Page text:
About halfway through last year, I switched to a choice based model of Art Ed or what many call “TAB” or Teaching for Artistic Behavior. This means that the students are in control of what they make, rather than the teacher. If you want more information on this movement, I suggest you check out their website, the yahoo group, TAB-Choice Art Ed and this article by TAB educator, Nan Hathaway (I will warn you, this article has caused controversy, but I think it paints a pretty good picture of why a lot of teachers have switched). I thought about it for about two years before making the jump but now that I have, I really like it. It does however, come with many new challenges. One thing I am working on is that my kids really love the “scribble stage” of studios or basically that point where you experiment and go all out with reckless abandon. Who wouldn’t love that…but this year, I wanted them to start thinking more. Our vision is all about thinking and problem solving. Though experimentation is important, I wanted to push them further. In a conversation with the high school teacher in my district, she brought up that she sometimes uses pre-planning worksheets for her regular projects. She talked about having them do a thumbnail sketch and answer a few questions before getting started. She e-mailed me her template but it wasn’t quite what I was looking for so I started looking around Pinterest and the TAB yahoo group. Finally, I came across this worksheet that was made by Nan, the same woman who wrote the article above.
I decided to have students use this before getting started in their choice studio. I also started giving them unit challenges. That way, there would be a plan and a purpose. My Unit 1 Challenge was based on the book “Not a Stick” by Antoinette Portis. Last week was the students’ introduction to this new system and, as expected, it was met with mixed reviews. The kids didn’t love the extra paperwork they were being expected to do, but I do think it gave them a bit of an opportunity to think through their work before getting started. Below is an example of a proposal from a sixth grade student.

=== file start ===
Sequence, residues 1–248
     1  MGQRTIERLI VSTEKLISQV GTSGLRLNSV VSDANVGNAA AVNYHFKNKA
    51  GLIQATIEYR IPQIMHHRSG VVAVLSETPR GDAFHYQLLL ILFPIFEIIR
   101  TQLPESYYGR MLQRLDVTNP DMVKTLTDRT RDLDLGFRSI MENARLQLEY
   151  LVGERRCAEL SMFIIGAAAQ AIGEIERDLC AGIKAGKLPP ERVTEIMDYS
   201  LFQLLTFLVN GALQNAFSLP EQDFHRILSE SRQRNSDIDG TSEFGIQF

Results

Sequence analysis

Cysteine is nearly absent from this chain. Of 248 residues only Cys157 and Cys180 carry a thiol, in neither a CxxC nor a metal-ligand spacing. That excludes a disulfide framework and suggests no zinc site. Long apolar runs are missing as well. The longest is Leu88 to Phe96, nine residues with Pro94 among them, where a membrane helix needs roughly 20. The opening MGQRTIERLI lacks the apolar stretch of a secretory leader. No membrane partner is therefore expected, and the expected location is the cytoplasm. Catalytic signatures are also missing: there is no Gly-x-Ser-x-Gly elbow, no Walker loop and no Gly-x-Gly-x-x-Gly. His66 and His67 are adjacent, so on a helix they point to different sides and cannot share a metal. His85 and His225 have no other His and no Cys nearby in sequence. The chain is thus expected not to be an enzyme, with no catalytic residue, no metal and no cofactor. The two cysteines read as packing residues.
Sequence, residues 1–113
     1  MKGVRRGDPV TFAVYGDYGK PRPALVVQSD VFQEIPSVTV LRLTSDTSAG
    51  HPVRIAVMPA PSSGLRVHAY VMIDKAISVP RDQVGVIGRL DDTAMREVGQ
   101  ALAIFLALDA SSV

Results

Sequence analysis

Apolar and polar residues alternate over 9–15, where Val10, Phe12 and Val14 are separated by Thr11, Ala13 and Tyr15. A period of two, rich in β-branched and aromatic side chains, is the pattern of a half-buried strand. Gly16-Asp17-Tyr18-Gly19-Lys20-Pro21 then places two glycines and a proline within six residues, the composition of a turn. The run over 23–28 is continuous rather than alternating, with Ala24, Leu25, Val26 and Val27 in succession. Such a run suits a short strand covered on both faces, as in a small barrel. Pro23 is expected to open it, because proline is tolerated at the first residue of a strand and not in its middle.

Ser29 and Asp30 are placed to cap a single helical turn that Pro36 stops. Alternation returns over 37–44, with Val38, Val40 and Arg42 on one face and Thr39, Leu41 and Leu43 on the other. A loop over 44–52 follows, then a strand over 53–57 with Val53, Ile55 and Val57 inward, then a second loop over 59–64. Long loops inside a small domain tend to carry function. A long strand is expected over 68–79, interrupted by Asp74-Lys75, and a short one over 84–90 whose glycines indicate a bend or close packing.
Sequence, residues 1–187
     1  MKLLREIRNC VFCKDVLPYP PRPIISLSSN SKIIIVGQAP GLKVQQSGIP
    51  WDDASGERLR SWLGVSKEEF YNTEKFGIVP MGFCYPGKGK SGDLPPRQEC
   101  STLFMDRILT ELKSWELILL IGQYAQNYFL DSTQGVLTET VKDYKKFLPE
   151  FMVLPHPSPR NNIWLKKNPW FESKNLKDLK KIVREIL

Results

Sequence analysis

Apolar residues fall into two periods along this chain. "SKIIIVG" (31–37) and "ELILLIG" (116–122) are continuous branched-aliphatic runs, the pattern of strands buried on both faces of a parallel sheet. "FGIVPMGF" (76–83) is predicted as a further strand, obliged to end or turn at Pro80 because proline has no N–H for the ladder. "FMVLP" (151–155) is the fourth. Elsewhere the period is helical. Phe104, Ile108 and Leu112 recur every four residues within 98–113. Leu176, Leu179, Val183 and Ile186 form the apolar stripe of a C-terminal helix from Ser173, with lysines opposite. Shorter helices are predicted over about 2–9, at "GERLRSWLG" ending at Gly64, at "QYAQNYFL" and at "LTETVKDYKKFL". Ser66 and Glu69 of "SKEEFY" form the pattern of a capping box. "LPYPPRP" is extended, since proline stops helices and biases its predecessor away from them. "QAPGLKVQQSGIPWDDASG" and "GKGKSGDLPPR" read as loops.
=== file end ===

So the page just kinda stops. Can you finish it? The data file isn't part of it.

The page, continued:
That last part is what I fill out as I look at them to let them know if this is a solid plan or if they need to do some work. He doesn’t have quite everything in the right spot but for his first one, this is pretty good. Not all were quite that thought out, so I want to keep encouraging kids to go into more detail. I think if I were to re-do the sheet myself, I would have them draw their project first, then think about materials, and after that match them to a studio. On this particular sheet, studios come first so I think the kids think about where they like to work rather than what they are making. So, we’ll be having talk about how to choose your studio(s) next time we do it I think or designing projects to fit the studio you want to work in. Also, his idea was one from the book (although, knowing this kid he may have come up with it anyway…) so I also want to be encouraging students to think bigger and with even more of their own investments and personal style in mind.
Choice is such a new process to me and there are so many variables, that I think every year will be a bit of an experiment. Hopefully with this method, I am pushing at least most of the kids to put a bit of thought into their work!